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Changes for developers in the App Store

Changes for developers in the App Store

Apple is backing away a bit from its strict policy on payments in apps to reach a dispute settlement with smaller developers.

Apple has announced a few changes coming to the App Store in response to a lawsuit from US developers. One of the most notable changes is that developers can now communicate with users about alternative payment solutions outside of their apps. This has nothing to do with Epic’s case against Apple but to get the case settled with smaller developers. These changes will apply to all developers in the App Store in the United States and other countries.

Apple further says that developers can “use communications, such as email, to report payment methods outside the App Store”. This means that the company or developer can email users with their consent informing them of a subscription outside the App Store. However, Apple confirmed to 9to5Mac that this change does not apply to in-app connections.


Therefore, the developers may not, as before, inform users in the application of the prices or subscription options that are available elsewhere than the App Store. In theory, this means that Netflix could have a field in its iOS app for users to enter their email address and then communicate directly with that user via email about payment options.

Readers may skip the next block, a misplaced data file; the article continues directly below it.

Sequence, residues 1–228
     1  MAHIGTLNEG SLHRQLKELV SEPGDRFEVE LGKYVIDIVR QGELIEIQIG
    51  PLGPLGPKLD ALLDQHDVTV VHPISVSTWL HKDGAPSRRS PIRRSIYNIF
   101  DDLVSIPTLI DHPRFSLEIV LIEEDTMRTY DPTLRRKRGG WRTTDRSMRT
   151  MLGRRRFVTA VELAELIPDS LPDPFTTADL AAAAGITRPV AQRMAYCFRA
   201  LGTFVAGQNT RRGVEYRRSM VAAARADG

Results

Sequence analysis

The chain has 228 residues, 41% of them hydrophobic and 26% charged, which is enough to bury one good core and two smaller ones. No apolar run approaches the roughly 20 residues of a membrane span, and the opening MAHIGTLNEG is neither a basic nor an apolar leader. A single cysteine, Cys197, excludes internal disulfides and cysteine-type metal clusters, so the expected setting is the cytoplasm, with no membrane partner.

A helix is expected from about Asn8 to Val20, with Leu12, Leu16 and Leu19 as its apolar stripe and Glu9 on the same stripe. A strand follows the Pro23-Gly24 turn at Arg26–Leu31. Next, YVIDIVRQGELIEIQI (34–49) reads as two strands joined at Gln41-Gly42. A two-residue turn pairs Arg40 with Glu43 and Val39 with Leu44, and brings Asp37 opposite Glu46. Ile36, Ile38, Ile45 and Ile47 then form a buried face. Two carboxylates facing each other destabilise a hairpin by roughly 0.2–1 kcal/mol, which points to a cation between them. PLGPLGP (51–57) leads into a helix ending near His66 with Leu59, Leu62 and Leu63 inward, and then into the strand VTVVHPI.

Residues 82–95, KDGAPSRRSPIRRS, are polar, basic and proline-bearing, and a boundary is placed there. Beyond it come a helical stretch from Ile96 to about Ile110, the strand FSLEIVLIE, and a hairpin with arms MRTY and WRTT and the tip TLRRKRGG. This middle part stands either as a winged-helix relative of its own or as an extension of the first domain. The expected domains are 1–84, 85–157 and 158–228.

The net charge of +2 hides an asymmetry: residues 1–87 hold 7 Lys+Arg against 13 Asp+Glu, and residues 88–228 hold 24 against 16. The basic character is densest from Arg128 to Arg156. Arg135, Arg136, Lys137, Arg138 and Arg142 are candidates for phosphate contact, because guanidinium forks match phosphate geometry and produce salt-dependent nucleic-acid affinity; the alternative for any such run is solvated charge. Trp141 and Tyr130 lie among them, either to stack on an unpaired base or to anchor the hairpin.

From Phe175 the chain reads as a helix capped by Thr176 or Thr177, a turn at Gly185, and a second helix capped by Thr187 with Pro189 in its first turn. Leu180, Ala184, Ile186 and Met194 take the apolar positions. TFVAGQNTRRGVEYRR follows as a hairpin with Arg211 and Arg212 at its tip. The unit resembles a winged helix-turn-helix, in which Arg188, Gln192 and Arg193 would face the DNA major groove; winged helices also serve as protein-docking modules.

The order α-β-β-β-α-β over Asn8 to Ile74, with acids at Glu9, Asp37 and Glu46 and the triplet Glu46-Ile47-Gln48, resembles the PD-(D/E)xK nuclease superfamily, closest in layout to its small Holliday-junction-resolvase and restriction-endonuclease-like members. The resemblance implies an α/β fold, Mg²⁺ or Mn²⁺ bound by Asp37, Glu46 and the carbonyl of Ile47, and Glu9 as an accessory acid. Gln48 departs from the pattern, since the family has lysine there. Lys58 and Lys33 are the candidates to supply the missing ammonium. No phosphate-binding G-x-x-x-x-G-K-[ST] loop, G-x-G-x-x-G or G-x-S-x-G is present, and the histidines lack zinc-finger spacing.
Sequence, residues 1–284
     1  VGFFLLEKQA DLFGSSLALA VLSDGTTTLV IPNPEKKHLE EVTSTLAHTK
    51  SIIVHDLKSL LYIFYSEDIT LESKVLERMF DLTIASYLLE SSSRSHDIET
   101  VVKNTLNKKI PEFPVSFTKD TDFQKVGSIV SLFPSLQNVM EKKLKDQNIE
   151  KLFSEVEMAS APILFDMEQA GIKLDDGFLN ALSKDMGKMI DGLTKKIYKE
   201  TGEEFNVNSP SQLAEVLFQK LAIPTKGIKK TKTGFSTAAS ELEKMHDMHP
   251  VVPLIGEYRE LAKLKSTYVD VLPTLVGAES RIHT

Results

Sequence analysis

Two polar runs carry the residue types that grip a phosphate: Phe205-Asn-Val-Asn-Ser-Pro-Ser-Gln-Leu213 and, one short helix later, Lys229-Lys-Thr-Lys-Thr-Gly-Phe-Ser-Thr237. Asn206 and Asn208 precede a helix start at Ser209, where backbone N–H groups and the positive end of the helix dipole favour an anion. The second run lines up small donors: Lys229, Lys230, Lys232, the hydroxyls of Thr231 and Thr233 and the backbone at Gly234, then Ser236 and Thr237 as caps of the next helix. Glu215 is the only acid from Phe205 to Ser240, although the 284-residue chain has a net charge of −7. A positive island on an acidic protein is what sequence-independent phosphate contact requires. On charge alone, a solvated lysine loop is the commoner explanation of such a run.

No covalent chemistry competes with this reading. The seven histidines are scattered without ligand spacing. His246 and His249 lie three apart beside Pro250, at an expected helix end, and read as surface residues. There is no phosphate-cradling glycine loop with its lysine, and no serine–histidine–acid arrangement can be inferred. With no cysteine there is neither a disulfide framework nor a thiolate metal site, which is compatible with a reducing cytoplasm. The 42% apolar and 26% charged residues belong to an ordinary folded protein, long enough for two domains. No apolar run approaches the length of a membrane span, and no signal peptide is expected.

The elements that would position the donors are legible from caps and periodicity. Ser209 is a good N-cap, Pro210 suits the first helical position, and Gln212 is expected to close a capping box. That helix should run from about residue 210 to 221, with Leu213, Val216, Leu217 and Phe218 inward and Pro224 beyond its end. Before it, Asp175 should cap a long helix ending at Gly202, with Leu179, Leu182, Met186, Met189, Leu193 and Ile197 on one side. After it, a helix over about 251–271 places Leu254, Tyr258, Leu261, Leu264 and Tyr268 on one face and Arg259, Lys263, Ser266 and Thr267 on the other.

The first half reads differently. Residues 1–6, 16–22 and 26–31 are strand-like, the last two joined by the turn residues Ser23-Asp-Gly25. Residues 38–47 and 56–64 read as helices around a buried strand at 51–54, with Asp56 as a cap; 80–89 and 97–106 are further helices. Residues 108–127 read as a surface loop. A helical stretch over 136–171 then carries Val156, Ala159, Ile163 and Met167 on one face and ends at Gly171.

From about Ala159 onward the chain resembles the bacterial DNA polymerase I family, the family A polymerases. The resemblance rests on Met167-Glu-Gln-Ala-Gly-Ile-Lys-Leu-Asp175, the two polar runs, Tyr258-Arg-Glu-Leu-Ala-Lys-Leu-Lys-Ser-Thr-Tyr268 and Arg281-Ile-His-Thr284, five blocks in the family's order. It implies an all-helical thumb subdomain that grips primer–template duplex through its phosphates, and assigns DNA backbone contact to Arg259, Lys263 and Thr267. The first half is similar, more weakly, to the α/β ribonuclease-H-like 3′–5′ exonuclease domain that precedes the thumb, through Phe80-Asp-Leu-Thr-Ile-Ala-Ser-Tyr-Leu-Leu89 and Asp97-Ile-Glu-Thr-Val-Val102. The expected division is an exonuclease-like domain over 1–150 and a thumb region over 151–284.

Other features of the deal:

  • Apple and the developers have agreed to keep the App Store Small Business app in its current structure for at least three more years.

  • The search functionality in the App Store has always been about making it easier for users to find the apps they are looking for. At the request of the developers, Apple has agreed that search results will continue to be based on objective characteristics such as downloads, star ratings, relevance, and user behavior. The agreement will retain existing search functionality in the App Store for at least three more years.

  • Apple will also increase the number of points of sale available to developers in subscriptions, in-app purchases, and paid apps from less than 100 to more than 500. Developers will continue to set their own pricing.

  • Apple will retain the ability for developers to appeal an app disapproval if they are deemed unfair treatment. Apple has agreed to add content to the App Review website to help developers understand how the appeal process works.

  • In recent years, Apple has provided a lot of new information about the App Store on its website. Apple agreed to create an annual transparency report that shares useful statistics about the app review process, including the number of apps rejected for various reasons, the number of disabled customer and developer accounts, search query and results information, and the number of apps removed. from the App Store.

In addition, Apple also announced a fund for smaller developers that pays in excess of $30,000 to developers who earn less than $1 million annually on the App Store. Amounts will vary based on the “developer’s participation in the App Store ecosystem”. However, this applies only to eligible developers of this software in the United States.

Source: Apple newsroom, via: 9to5Mac

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